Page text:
Oscar de la Renta served up splashes of colour in bold combinations, which were wearable but still firmly in the vein of high-fashion. The whole collection had a New York feel, with elements that were youthful (oversized parkas and t-shirts layered under ball gowns) combined with the whimsy and extravagance typical of the brand. In many ways, the collection was a sleeker, more modern version of de la Renta’s usual fare, and the colours used played a significant role in keeping the collection current. The pinks were bold, and a pink suit close to Resene Hopbush- a look which has been seen across multiple collections - was layered atop a sequined corset top. Racy for de la Renta.
Garish tones of red and pink were boldly colour blocked at Zero + Maria Cornejo’s Spring/Summer 2018 show. A hue close to Resene Smitten mixed with neon red - which transitioned into monochromes and closed with a return to clashing red and pink stripes. Loose-fitting shapes which swamped models’ frames were accented with thick ruching - giving the silk fabrics unexpected volume and movement.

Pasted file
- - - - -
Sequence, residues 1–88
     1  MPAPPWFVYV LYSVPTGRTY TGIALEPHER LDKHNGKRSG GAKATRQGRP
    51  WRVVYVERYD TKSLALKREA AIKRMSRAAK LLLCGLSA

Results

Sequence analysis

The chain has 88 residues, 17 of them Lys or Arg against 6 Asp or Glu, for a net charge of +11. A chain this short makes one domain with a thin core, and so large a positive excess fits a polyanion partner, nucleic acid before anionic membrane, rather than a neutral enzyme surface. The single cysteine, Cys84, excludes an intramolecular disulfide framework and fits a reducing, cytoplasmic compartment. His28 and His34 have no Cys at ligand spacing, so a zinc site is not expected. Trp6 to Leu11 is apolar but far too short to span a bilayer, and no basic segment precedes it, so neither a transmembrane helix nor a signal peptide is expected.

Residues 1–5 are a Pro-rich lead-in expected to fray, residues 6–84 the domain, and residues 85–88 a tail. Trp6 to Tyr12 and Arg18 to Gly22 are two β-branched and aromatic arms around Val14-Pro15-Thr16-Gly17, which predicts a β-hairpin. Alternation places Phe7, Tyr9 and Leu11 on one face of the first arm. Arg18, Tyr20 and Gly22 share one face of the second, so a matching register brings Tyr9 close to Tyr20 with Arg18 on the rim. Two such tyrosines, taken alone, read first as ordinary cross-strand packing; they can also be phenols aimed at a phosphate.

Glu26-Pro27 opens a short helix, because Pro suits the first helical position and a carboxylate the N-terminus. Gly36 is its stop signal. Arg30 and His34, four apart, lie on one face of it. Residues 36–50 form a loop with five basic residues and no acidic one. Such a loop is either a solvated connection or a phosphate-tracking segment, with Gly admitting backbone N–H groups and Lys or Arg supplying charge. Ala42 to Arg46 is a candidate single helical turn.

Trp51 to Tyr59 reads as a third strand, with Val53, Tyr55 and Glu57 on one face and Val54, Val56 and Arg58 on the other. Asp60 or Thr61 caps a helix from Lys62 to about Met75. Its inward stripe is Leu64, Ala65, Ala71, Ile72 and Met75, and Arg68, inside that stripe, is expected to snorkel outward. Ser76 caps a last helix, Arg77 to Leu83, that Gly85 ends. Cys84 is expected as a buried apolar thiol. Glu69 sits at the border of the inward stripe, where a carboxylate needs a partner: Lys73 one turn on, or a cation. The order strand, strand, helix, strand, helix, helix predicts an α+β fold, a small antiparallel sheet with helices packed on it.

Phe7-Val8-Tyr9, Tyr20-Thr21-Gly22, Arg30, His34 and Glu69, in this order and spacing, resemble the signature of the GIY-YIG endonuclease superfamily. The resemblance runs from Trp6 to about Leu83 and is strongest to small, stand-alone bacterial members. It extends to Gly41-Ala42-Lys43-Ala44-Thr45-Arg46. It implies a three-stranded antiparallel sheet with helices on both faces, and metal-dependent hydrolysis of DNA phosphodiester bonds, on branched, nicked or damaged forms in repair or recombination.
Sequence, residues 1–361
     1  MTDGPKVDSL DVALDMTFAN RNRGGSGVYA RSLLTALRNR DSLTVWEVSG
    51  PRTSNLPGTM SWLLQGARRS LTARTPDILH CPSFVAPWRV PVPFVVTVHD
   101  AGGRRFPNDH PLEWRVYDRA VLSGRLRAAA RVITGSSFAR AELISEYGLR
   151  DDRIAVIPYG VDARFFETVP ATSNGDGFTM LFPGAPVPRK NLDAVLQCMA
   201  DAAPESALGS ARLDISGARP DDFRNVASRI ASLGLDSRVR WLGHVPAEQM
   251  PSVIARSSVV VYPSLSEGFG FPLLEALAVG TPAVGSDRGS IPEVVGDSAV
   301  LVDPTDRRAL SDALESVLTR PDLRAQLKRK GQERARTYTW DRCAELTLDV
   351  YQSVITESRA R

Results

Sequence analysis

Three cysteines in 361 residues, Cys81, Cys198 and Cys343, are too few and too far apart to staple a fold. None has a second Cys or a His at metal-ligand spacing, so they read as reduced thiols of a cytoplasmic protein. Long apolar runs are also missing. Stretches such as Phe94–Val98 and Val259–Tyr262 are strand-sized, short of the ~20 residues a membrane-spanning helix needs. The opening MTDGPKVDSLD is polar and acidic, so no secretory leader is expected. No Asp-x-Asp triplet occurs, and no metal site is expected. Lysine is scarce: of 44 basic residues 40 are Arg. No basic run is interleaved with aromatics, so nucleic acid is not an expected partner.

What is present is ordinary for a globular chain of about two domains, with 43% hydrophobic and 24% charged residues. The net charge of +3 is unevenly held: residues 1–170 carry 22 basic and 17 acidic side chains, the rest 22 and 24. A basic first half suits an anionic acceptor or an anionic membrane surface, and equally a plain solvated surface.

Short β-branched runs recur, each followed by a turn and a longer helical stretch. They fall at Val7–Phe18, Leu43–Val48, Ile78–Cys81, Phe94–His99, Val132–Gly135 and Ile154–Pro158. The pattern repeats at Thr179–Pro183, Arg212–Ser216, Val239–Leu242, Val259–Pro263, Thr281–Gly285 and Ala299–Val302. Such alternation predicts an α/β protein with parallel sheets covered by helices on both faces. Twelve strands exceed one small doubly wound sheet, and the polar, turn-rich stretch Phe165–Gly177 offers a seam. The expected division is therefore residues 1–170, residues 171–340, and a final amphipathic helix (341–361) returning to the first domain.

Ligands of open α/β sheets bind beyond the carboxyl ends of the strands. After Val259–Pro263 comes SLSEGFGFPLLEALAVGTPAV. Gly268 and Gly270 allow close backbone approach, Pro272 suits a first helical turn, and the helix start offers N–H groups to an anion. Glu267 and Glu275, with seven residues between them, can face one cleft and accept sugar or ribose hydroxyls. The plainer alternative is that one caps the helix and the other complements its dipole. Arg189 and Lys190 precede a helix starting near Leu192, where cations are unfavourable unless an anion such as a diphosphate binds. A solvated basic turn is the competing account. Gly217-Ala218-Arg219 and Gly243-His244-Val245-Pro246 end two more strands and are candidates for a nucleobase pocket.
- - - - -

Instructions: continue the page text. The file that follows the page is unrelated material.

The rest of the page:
Brandon Maxwell showed 2000’s Barbie vibes, with a palette built around varying shades of pink combined with mid-wash denim and pops of red. The girly, millennium aesthetic came through in belted blazers styled with flared jeans, halter neck tops and structured handbags. White, black, buttercup yellow and both bold and soft pinks (akin to Resene Pink Lace) were colour-blocked in head-to-toe looks which were striking and yet classic. Out of the context of a fashion show, Maxwell’s designs are wearable and female-friendly, sure to be best sellers for luxury consumers.
Silky pyjama-inspired garments were the order of the day at Sies Marjan Spring/Summer 2018. The collection was a mixture of pastels; mint paired with lavender, rust with lemon yellow and sky blue striped with red. Marjan played with draping and garments were softly folded into themselves as if tucked in by accident or twisted around the body in a seemingly natural shape. Garments themselves had an airy feel and blurred together leisurewear and daywear. Pops of neon broke up Marjan’s pastel palette, including a brilliant neon red fur jacket layered over a peach silk dress in Resene Sweet Pink.